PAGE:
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Date:   Wed, 9 Jan 2019 08:31:37 -0800
From:   Sean Christopherson <>
To:     Andy Lutomirski <>
Cc:     "Huang, Kai" <>,
        Jethro Beekman <>,
        Jarkko Sakkinen <>,
        Thomas Gleixner <>,
        Ingo Molnar <>, Borislav Petkov <>,
        "" <>,
        Dave Hansen <>,
        Peter Zijlstra <>,
        "H. Peter Anvin" <>,
        "" <>,
        "" <>,
        Josh Triplett <>,
        Haitao Huang <>,
        "Dr . Greg Wettstein" <>
Subject: Re: x86/sgx: uapi change proposal

On Tue, Jan 08, 2019 at 02:54:11PM -0800, Andy Lutomirski wrote:
> On Tue, Jan 8, 2019 at 2:09 PM Sean Christopherson
> <> wrote:
> >
> > Cleaner in the sense that it's faster to get basic support up and running
> > since there are fewer touchpoints, but there are long term ramifications
> > to cramming EPC management in KVM.
> >
> > And at this point I'm not stating any absolutes, e.g. how EPC will be
> > handled by KVM.  What I'm pushing for is to not eliminate the possibility
> > of having the SGX subsystem own all EPC management, e.g. don't tie
> > /dev/sgx to a single enclave.
> I haven't gone and re-read all the relevant SDM bits, so I'll just
> ask: what, if anything, are the actual semantics of mapping "raw EPC"
> like this?  You can't actually do anything with the mapping from user
> mode unless you actually get an enclave created and initialized in it
> and have it mapped at the correct linear address, right?  I still
> think you have the right idea, but it is a bit unusual.

Correct, the EPC is inaccessible until a range is "mapped" with ECREATE.
But I'd argue that it's not unusual, just different.  And really it's not
all that different than userspace mmap'ing /dev/sgx/enclave prior to
ioctl(ENCLAVE_CREATE).  In that case, userspace can still (attempt to)
access the "raw" EPC, i.e. generate a #PF, the kernel/driver just happens
to consider any faulting EPC address without an associated enclave as
illegal, e.g. signals SIGBUS.

The /dev/sgx/epc case simply has different semantics for moving pages in
and out of the EPC, i.e. different fault and eviction semantics.  Yes,
this allows the guest kernel to directly access the "raw" EPC, but that's
conceptually in line with hardware where priveleged software can directly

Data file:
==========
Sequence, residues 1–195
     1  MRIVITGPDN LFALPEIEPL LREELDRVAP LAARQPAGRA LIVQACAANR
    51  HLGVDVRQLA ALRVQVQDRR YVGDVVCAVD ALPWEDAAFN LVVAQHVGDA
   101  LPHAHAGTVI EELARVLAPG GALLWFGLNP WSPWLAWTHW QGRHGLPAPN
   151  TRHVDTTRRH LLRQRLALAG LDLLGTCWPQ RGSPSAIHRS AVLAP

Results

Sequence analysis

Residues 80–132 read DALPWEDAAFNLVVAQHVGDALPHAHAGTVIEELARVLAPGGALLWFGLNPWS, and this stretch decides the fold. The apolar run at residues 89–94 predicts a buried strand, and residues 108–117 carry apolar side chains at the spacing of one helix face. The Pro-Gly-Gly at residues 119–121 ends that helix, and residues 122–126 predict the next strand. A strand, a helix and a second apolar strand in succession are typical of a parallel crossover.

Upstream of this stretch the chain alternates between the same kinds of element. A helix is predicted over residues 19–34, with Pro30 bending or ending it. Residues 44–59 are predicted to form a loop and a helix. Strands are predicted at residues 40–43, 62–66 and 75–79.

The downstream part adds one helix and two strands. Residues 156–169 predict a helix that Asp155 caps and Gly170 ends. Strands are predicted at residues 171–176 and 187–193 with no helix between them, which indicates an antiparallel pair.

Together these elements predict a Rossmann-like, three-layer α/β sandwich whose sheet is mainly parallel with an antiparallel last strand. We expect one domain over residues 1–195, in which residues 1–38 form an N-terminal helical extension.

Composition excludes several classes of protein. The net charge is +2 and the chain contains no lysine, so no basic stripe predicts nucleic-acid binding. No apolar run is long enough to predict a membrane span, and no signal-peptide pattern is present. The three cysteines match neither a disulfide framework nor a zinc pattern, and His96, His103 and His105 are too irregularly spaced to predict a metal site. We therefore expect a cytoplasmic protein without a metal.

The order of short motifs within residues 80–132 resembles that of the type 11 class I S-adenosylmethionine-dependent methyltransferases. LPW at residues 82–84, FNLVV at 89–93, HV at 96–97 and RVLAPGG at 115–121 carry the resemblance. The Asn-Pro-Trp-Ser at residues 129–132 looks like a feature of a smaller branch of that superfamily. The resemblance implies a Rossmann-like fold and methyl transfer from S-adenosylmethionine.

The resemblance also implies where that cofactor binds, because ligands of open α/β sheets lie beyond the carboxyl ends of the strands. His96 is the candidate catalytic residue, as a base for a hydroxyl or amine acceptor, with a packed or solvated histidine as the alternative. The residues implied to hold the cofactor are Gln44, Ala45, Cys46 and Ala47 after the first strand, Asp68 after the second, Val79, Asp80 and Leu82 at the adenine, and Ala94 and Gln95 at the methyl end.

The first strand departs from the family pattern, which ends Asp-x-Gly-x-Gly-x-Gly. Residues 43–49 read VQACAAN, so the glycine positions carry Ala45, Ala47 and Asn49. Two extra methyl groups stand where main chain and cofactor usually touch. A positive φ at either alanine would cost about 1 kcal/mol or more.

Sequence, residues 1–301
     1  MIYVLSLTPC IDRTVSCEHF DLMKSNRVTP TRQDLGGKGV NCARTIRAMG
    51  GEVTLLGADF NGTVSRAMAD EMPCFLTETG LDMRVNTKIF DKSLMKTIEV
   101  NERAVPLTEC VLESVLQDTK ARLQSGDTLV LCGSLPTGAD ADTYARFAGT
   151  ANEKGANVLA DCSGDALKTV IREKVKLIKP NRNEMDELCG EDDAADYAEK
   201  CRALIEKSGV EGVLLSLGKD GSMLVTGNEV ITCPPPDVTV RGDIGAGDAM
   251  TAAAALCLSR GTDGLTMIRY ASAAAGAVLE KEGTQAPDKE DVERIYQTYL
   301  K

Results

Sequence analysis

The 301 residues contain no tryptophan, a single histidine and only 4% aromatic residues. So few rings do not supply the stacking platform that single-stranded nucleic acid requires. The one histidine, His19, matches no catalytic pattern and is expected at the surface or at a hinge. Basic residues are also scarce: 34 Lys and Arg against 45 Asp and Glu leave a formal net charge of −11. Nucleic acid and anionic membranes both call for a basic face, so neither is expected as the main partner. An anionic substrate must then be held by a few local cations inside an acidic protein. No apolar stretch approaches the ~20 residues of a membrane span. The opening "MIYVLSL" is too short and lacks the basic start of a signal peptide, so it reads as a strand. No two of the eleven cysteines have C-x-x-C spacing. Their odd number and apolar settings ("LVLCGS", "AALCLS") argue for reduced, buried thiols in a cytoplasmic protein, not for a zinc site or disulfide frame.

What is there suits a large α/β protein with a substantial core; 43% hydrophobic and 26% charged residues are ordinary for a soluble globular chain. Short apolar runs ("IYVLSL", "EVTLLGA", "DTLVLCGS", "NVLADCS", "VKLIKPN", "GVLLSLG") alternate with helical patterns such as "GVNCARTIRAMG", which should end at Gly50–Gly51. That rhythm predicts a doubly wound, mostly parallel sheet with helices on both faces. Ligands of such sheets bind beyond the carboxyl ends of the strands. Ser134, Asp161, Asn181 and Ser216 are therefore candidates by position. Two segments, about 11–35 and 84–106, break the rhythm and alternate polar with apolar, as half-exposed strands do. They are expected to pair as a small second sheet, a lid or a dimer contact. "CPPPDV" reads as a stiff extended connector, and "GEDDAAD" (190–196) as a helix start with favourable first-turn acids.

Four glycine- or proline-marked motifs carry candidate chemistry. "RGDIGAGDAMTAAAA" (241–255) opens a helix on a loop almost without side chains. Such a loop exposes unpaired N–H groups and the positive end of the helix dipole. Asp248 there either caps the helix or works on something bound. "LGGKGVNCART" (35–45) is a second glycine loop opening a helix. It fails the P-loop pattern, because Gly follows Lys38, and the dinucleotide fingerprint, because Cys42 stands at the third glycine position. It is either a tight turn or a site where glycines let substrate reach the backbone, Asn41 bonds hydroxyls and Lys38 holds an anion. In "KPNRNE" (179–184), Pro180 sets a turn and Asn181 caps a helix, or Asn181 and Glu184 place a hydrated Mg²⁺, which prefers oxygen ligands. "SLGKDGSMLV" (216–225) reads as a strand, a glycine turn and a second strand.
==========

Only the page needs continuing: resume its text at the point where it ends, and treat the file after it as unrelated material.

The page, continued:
"access" the EPC (or rather, the abort page for all intents and purposes).
I.e. it's an argument for requiring certain privileges to open /dev/sgx/epc,
but IMO it's not unusual.

Maybe /dev/sgx/epc is a poor name and is causing confusion, e.g.
/dev/sgx/virtualmachine might be more appropriate.

> I do think it makes sense to have QEMU delegate the various ENCLS
> operations (especially EINIT) to the regular SGX interface, which will
> mean that VM guests will have exactly the same access controls applied
> as regular user programs, which is probably what we want.

To what end?  Except for EINIT, none of the ENCLS leafs are interesting
from a permissions perspective.  Trapping and re-executing ENCLS leafs
is painful, e.g. most leafs have multiple virtual addresses that need to
be translated.  And routing everything through the regular interface
would make SGX even slower than it already is, e.g. every ENCLS would
take an additional ~900 cycles just to handle the VM-Exit, and that's
not accounting for any additional overhead in the SGX code, e.g. using
the regular interface would mean superfluous locks, etc...

The only benefit is that it would theoretically allow oversubscribing
guest EPC without hardware support, but that would require a lot of code
to do the necessary SECS tracking and refcounting.

> If so,
> there will need to be a way to get INITTOKEN privilege for the purpose
> of running non-Linux OSes in the VM, which isn't the end of the world.

Couldn't we require the same privilege/capability for VMs and and EINIT
tokens?  I.e. /dev/sgx/virtualmachine can only be opened by a user that
can also generate tokens.

> We might still want the actual ioctl to do EINIT using an actual
> explicit token to be somehow restricted in a way that strongly
> discourages its use by anything other than a hypervisor.  Or I suppose
> we could just straight-up ignore the guest-provided init token.
> P.S. Is Intel ever going to consider a way to make guests get their
> own set of keys that are different from the host's keys and other
> guests' keys?

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